How to save thousands of dollars with voice-over-IP

Aramark Uniform Services had a problem. The company wanted to upgrade its voice capabilities, but the sheer number of locations made that a messy and expensive proposition.

The Burbank, Calif., company provides uniform sales, rentals, manufacturing and cleaning for many industries, from airline ground crews to overnight delivery truck drivers and major league ballpark peanut vendors.

Aramark has more than 28 facilities plants and 200 offices nationwide. Keeping the voice networks at each site running efficiently and adding new features was a challenge, says Ash Patel, Aramark's director of IT infrastructure.

"Basically, 99% of our sites don't have voice mail or a PBX," Patel says. This caused problems such as mishandled orders and lost customer service calls, he adds.

Patel has a Lucent (now Avaya) Definity PBX and voice mail system in Aramark's main office in Burbank to support 300 users. The PBX is cost-effective for a large corporate office, but Patel says he needed the same advanced capabilities of his PBX in each of Aramark's 28 uniform manufacturing, laundry and distribution facilities throughout the country. The cost of a PBX in each site would have been too great, he says.

"We would have had to spend a separate $30,000 [to upgrade each Definity] just for voice mail," in the remote sites, he says. "The [Definity PBX] is $100,000. We can't put that in every site."

Instead, Patel went with the $15,180 InstantOffice 5500 from Vertical Networks. The InstantOffice product is a Windows NT device that supports voice mail and automated attendant, and can compile data on customer service calls. The device can act as a router, support up to 84 phone and data connections, and have T-1 and ISDN ports for connecting to a WAN.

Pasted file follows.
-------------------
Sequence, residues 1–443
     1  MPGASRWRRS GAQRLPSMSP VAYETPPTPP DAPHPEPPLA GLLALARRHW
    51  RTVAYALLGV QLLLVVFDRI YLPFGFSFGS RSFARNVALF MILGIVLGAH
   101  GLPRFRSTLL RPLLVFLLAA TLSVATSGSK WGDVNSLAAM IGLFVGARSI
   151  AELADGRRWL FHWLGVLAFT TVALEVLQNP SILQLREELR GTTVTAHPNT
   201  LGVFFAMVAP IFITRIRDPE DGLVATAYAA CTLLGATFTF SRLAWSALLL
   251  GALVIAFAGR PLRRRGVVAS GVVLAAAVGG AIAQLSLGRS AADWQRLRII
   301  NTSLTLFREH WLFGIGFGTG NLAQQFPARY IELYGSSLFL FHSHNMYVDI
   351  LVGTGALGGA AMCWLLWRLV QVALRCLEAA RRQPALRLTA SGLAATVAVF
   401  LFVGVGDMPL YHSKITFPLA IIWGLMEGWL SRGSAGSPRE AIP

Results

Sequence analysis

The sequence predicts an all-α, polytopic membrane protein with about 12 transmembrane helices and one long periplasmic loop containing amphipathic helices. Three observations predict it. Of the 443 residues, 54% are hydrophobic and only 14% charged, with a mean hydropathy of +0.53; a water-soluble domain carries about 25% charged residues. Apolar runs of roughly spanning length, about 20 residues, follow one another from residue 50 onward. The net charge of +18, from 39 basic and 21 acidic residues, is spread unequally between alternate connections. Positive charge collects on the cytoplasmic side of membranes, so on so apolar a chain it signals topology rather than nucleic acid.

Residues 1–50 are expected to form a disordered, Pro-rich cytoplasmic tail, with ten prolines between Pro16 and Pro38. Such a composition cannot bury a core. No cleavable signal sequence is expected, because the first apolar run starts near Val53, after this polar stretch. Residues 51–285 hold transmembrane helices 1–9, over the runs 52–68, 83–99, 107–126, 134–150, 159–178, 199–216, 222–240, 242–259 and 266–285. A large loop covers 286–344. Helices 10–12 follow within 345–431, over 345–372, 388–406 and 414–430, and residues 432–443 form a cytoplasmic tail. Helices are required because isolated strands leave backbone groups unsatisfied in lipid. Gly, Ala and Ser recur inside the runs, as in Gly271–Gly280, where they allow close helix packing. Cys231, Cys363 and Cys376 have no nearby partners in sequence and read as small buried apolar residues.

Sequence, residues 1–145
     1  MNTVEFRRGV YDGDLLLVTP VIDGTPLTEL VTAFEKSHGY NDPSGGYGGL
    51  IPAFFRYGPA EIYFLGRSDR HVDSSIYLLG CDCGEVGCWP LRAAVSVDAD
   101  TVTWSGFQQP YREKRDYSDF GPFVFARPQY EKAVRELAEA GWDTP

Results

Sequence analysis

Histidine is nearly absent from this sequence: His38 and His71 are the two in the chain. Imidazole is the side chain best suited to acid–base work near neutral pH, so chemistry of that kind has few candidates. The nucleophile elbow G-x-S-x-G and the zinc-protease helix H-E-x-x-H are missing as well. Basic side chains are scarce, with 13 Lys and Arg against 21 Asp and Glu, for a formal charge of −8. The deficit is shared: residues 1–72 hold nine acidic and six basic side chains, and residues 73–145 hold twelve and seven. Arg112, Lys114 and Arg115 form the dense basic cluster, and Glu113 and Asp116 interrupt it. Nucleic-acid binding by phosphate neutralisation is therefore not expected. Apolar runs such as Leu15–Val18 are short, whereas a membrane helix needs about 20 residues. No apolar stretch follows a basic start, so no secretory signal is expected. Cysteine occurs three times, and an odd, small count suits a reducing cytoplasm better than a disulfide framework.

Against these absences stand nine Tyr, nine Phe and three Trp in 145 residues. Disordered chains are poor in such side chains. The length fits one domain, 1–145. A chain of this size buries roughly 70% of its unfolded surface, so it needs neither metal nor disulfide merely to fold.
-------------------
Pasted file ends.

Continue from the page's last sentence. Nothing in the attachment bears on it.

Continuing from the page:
In addition to getting the customer service phone systems in shape at the remote offices, the devices also save the firm money on long-distance phone charges for intracompany calls.

"Our monthly long-distance bill at Aramark [was] about $140,000," before using the InstantOffice to tie the remote offices together with T-1 lines and IP voice, Patel says. "I see at least a 40% savings every month on long-distance charges alone."

The company saves even more by combining separate voice and data T-1 lines at each site into one line from AT&T, Patel adds.

"Right now we're paying around $80,000 a month for both [voice and data] frame circuits. We'll save about another $20,000-plus a month once they're combined," at every site, he says.

The InstantOffice 5500s Patel installed also give Aramark better control over each remote site. This includes collecting data on service calls to make the sites more customer-friendly, as well as remote management of the Vertical Networks devices.

"There was no way for [remote sites] to generate reports to find out how often their customer service people were on the phone, for how long, or how many calls were being abandoned," Patel says. "Now that they have that information, they can use it to make better use of their resources."

The InstantOffice's IP-based Web management feature is also useful, he adds.

"There is no technical staff at any [remote] sites," Patel says. "The only technical group I have is in Burbank. Since the system runs on Windowws NT and it's IP-based, we can manage it from here."

Patel says he plans to continue rolling out InstantOffice 5500s and the smaller, 33-user InstantOffice 3500 model, in more Aramark sales service offices nationwide over the next year.

This story, "How to save thousands of dollars with voice-over-IP" was originally published by Network World.

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